See also


  1. Newby, Gordon D. (2002). A concise encyclopedia of Islam (Repr. ed.). Oneworld. ISBN 1-85168-295-3.
  2. 1 2 The Teachings of the Qur'an
  3. 1 2 Leaman, Oliver (2008). The Qur'an : an encyclopedia. Routledge. pp. 94,624. ISBN 978-0-415-32639-1.
  4. Rahman, Jamal; Elias, Kathleen Schmitt; Redding, Ann Holmes (2009). Out of darkness into light : spiritual guidance in the Quran with reflections from Jewish and Christian sources. Harrisburg, PA: Morehouse Pub. pp. 15–18. ISBN 0-8192-2338-7.
  5. 1 2 3 Hixon, Lex (2003). The heart of the Qurʼan : an introduction to Islamic spirituality (2. ed.). Quest. ISBN 0-8356-0822-0.
  7. 1 2 Sands, Kristin Zahra (2006). Sufi commentaries on the Qur'an in classical Islam. Routledge. ISBN 0-415-36685-2.
  8. Quran 7:172
  9. 1 2 3 Corbin, Henry (1993). History of Islamic philosophy (Reprinted. ed.). Kegan Paul International. pp. 1–14. ISBN 0-7103-0416-1.
  10. Taji-Farouki, Suha (2006). Modern Muslim intellectuals and the Qur'an (Reprint. ed.). Oxford Univ. Press. ISBN 0-19-720003-6.
  11. Attar, Farid ud-Din; translated with an introduction by Afkham Darbandi&Davis Dick (1984). The conference of the birds (1. publ. ed.). Harmondsworth, Middlesex, England: Penguin Books. ISBN 0-14-044434-3.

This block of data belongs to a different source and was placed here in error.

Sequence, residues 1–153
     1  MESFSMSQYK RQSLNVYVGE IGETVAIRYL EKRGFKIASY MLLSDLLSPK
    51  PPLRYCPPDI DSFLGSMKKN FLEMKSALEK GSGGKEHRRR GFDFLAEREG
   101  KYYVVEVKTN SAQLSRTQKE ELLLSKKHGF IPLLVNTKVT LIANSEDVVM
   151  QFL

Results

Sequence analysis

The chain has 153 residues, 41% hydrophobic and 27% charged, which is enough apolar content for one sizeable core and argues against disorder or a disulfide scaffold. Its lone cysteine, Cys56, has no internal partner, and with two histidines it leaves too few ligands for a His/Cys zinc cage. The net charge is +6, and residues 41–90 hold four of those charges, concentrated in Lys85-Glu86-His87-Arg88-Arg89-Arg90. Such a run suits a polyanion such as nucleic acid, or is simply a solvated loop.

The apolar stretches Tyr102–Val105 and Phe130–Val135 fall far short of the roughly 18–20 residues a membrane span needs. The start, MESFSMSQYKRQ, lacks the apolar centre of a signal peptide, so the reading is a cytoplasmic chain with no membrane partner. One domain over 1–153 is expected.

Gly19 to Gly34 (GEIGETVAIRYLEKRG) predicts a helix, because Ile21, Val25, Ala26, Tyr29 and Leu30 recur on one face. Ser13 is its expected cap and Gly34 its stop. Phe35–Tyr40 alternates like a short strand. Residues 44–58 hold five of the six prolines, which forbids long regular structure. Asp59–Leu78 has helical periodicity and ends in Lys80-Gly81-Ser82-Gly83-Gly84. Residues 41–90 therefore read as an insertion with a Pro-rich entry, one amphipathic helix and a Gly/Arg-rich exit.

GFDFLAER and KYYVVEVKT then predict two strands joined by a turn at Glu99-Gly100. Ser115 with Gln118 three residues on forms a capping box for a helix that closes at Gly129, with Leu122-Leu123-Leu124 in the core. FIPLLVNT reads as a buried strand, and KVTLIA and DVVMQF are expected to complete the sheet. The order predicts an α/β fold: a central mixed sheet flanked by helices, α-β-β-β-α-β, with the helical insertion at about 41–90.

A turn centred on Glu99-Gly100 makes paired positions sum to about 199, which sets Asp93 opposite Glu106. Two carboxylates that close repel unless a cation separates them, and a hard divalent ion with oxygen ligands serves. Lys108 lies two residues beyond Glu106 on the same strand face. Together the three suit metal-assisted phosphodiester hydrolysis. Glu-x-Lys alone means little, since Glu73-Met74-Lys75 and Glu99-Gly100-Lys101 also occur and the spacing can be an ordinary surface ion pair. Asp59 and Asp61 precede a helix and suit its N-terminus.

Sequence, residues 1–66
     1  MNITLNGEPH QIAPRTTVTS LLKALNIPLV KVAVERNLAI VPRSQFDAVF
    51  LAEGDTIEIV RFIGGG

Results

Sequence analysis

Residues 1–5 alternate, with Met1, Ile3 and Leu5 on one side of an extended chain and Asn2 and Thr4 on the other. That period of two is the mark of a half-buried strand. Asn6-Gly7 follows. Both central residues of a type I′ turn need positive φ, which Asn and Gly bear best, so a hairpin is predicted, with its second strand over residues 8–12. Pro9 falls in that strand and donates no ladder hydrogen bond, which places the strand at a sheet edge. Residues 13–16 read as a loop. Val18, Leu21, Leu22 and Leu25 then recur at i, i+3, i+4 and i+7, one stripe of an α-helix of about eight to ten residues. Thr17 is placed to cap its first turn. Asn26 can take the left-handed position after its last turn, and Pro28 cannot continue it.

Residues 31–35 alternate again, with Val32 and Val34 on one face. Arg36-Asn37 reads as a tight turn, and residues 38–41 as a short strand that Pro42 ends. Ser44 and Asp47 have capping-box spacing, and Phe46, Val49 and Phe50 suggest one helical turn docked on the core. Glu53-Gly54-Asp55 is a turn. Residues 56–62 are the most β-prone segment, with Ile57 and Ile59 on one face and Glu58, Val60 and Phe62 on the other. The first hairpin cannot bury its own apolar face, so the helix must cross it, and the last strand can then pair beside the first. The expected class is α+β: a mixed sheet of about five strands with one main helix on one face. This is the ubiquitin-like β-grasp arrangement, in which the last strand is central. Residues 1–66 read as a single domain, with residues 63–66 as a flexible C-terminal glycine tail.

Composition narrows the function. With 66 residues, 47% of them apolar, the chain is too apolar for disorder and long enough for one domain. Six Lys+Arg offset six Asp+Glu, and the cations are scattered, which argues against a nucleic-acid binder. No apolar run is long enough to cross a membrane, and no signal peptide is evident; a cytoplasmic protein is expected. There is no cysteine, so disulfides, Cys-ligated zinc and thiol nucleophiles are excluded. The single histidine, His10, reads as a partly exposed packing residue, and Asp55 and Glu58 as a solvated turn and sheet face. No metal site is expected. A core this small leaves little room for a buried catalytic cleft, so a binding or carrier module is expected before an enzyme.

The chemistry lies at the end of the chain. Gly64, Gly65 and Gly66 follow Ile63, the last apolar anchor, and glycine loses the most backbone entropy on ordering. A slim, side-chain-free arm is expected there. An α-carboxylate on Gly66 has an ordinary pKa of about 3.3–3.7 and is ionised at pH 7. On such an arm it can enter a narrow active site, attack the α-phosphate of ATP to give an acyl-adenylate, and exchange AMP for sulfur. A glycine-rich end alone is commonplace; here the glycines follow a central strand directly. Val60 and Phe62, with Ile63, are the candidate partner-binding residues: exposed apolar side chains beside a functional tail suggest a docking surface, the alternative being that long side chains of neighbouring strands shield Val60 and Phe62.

12. 1 2 Al-Tustari, Sahl ibn Abd Allah; Translation by Annabel Keeler (2008). Tafsil Al-Tustari. Louisville, Ky.: Fons Vitae. ISBN 978-1-891785-19-1.
  13. 1 2 3 Godlas, Alan; Steigerwald, Diana (2008). The Blackwell companion to the Qur'an. Wiley-Blackwell. pp. 350–400. ISBN 1-4051-8820-0.
  14. Clarke, L. (2001). Shīʻite heritage : essays on classical and modern traditions. Binghamton, N.Y.: Global Publications. p. 65. ISBN 1-58684-066-5.
  15. Mojaddedi, Jawid (2008). The Blackwell companion to the Qur'an (Pbk. ed.). Wiley-Blackwell. pp. 363–373. ISBN 1-4051-8820-0.
  16. Virani, Nargis (2002). "'I am the Nightingale of the Merciful': Rumi's Use of the Qur'an and Hadith" (PDF). Comparative Studies of South Asia, Africa and the Middle East. XXII (1&2): 101–111. doi:10.1215/1089201x-22-1-2-100.
  17. 1 2 Elias, Jamal (2010). "Sufi tafsir Reconsidered: Exploring the Development of a Genre". Journal of Qur'anic Studies. 12: 41–55. doi:10.3366/jqs.2010.0104.
  18. Knysh, Alexander D. "Sufism and the Qur'an in Brill Encyclopaedia of the Qur'an".
  19. Sufi Tafsir and Isma'ili Ta'wil
  20. Ayoub, Mahmoud M. (1984). The Qur'an and its interpreters. Albany: State Univ. of New York Press. p. 34. ISBN 0-87395-727-X.

Further reading